Dammar Varnish will provide the same unifying sheen that acrylic varnishes provide. It’s also more impermeable than acrylic varnish because some of them will soften in warm weather, making them slightly tacky.

Artists should note that dammar can yellow and will become brittle over time. Synthetic resin based varnish such as GOLDEN MSA Varnish or Gamblin GamVar is the best solution for overcoming this. Resin based varnishes contain UV light filters and stabilizers which help to decrease the chance of yellowing and embrittlement, while still having the traditional properties of dammar.

Retouch Varnish is commonly used to add gloss, thin, thicken, or increase the drying time of oils. It also makes the colours look wet again if a painting needs retouching after it has dried. Some artists will even use this as a temporary varnish layer if they have to take the painting out of their studio before it’s been properly varnished.

Can I mix different Varnishes together?

Some varnishes that are made by the same brand, such as Gamblin GamVar, can be mixed together, however, each varnish is designed to achieve different results. We highly recommend that you experiment with different mixtures on a sample piece that has been painted with the same materials and that has cured for a similar amount of time.

Can you Varnish Watercolours?

While some watercolourists do varnish their paintings, it’s important to note that the varnish that is applied will soak into the watercolour paper and become a permanent addition to the piece. It will change the appearance, texture and feel of the paper. The change in the surface could also re–categorize the watercolour as a mixed media piece.

While this is fine if you are using a variety of watermedia, the varnish layer could potentially exclude a watercolour painting from being considered one by some museums and conservators. If you do experiment with varnishing a watermedia piece, always use a solvent based varnish because the water in acrylic varnishes can re–wet the watercolour, potentially damaging the artwork.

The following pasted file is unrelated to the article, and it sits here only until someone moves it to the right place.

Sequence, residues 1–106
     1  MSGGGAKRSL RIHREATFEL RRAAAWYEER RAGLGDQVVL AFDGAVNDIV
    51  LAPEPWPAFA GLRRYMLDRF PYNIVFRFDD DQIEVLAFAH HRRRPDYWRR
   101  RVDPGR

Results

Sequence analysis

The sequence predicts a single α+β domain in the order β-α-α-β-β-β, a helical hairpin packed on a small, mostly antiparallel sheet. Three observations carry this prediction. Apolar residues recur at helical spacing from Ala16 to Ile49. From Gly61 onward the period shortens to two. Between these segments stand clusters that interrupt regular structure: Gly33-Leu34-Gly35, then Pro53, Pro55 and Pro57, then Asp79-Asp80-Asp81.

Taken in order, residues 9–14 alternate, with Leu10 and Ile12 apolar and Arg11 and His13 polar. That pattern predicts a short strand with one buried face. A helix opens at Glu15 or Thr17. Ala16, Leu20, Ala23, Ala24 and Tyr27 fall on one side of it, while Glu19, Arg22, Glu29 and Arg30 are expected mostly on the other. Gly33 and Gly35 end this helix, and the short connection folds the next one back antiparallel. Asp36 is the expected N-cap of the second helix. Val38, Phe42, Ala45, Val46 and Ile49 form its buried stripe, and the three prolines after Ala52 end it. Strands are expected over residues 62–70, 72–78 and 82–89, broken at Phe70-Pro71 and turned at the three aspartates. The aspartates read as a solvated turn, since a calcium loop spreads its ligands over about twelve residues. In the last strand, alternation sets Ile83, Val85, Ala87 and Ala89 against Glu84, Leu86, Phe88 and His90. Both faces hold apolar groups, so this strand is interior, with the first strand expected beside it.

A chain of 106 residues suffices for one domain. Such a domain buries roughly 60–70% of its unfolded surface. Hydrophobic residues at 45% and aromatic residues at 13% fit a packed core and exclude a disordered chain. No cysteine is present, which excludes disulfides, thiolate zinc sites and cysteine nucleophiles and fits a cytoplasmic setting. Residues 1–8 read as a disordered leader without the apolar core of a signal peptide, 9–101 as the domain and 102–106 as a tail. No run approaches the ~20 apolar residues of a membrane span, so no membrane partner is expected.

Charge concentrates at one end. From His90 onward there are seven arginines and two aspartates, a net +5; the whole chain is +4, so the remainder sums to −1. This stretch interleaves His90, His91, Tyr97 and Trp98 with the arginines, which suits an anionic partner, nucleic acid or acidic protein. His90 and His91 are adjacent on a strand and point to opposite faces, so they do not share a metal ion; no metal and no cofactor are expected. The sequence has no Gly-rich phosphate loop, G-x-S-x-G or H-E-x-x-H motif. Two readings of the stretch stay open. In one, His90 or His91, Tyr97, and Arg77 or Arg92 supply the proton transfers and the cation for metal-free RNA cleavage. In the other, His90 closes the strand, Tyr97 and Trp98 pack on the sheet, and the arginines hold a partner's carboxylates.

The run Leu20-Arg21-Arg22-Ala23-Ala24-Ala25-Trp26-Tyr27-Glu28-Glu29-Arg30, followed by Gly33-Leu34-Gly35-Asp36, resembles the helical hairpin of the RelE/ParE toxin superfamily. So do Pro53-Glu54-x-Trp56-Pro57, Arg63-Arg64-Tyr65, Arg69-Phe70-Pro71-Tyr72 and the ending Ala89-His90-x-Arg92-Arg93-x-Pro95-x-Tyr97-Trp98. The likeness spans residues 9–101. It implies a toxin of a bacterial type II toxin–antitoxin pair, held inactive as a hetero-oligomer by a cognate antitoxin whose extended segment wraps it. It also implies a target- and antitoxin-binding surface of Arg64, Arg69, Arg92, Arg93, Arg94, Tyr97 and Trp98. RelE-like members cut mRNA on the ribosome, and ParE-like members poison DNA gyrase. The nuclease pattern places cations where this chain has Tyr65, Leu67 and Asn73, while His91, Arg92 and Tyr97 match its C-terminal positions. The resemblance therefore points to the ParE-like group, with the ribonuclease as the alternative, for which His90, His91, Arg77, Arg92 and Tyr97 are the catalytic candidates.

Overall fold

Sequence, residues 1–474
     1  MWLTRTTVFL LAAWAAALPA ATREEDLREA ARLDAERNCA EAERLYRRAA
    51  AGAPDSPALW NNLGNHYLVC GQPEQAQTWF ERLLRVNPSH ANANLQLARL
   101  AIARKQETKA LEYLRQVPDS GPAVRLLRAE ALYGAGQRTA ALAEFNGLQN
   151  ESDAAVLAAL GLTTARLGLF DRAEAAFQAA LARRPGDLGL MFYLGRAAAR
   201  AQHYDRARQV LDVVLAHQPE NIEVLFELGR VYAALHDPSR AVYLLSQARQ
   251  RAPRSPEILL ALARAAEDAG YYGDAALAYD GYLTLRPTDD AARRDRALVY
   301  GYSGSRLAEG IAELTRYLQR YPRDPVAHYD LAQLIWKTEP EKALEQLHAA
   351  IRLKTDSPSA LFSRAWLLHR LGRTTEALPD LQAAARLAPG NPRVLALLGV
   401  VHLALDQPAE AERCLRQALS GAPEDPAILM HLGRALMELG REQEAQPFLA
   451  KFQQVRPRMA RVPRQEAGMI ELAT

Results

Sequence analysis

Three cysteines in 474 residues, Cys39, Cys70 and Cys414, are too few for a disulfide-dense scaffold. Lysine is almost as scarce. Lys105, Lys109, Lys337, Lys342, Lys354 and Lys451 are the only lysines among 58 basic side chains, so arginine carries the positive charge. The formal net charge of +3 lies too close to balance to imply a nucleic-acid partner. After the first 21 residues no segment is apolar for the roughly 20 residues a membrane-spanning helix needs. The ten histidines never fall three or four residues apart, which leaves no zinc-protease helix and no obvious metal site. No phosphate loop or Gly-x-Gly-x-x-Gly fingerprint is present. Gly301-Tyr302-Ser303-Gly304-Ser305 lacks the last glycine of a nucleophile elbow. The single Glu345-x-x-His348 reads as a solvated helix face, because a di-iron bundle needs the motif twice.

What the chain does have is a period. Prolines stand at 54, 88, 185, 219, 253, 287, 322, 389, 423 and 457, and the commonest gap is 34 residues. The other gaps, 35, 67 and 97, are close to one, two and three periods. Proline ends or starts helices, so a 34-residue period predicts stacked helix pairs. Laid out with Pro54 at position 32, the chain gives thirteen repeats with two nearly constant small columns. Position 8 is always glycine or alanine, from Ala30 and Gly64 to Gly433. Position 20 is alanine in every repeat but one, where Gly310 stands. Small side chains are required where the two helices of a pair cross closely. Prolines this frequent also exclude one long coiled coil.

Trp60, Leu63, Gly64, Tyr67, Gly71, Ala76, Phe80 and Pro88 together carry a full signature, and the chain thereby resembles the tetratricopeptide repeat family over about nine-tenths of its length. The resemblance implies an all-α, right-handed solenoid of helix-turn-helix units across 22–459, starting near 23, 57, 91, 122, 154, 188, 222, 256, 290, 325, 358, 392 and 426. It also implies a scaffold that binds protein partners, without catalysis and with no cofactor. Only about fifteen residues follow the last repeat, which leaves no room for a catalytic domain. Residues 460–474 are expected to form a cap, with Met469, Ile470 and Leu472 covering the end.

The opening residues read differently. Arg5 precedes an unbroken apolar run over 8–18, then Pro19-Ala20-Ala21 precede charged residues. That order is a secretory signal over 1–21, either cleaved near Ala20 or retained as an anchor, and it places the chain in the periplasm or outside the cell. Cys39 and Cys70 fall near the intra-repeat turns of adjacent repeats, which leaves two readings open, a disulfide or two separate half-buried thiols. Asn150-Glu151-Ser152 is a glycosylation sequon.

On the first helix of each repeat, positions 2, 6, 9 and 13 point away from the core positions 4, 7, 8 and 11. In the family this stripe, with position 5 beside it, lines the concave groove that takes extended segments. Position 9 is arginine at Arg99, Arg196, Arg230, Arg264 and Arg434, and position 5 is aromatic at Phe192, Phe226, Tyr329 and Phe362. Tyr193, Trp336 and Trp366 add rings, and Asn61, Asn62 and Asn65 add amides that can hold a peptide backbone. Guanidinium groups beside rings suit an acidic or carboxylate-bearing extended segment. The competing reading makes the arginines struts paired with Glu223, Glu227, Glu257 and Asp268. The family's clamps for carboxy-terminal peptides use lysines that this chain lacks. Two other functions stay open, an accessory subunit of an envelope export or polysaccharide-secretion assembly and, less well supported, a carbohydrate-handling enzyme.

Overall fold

What should I do before I varnish?

TESTING 1, 2, 3 –  before applying an isolation coat or varnish to finished artwork, always test your selected materials on a sample piece that has been painted with the same materials and that has cured for a similar amount of time. This is key to ensure these final finishes will enhance, not hurt, your artwork.

OUT, DAMNED SPOT –  It’s always best to varnish in a clean environment. If dust particles or lint were to fall onto the painting while the varnish dries, it may become a permanent addition to the piece. Some people recommend vacuuming prior if you have carpet, using a fan to circulate air, or to use a safe, protective cover.

STIRRED, NOT SHAKEN –  to avoid bubbles in your application, simply stir your medium or varnish prior to application. If the medium is shaken rather than stirred it will be bubbling before you know it, and these bubbles will cause an uneven varnish layer.

ON THE LEVEL –  always work on a level surface so your medium and varnish layers dry in an even coat. If you have to work vertically, it is recommended that you spray apply these layers to reduce dripping.

I SEE THE LIGHT –  photographing your artwork gives you a backup and reference of what the image looked like prior to varnishing, should things go sideways. Not only that, if you photograph a nice glossy painting, the camera’s flash will bounce right off and leave a flashy star right where the camera was.

You mentioned isolation coat — explain?

An isolation coat is a layer of acrylic gel or medium applied prior to varnishing an acrylic painting.

This non–removable coating sits between the painting and the varnish, physically separating the paint pigments from the varnish. When the time comes to clean the painting, the isolation coat will shield the work from the chemicals in the varnish remover. The isolation coat also seals any absorbent areas left on the painting, providing a smooth glass–like surface which allows for an even application of varnish.

Regardless of the sheen you have selected for your varnish layer, you’ll want to select a gloss acrylic medium to offer the clearest view to your work.

IMPORTANT: The isolation layer is crucial when applying a matte varnish over an absorbent surface to prevent a cloudy or “frosted” look from occurring. This frosted look happens when the varnish and solvent are absorbed into the support, leaving the matting agent exposed on the surface.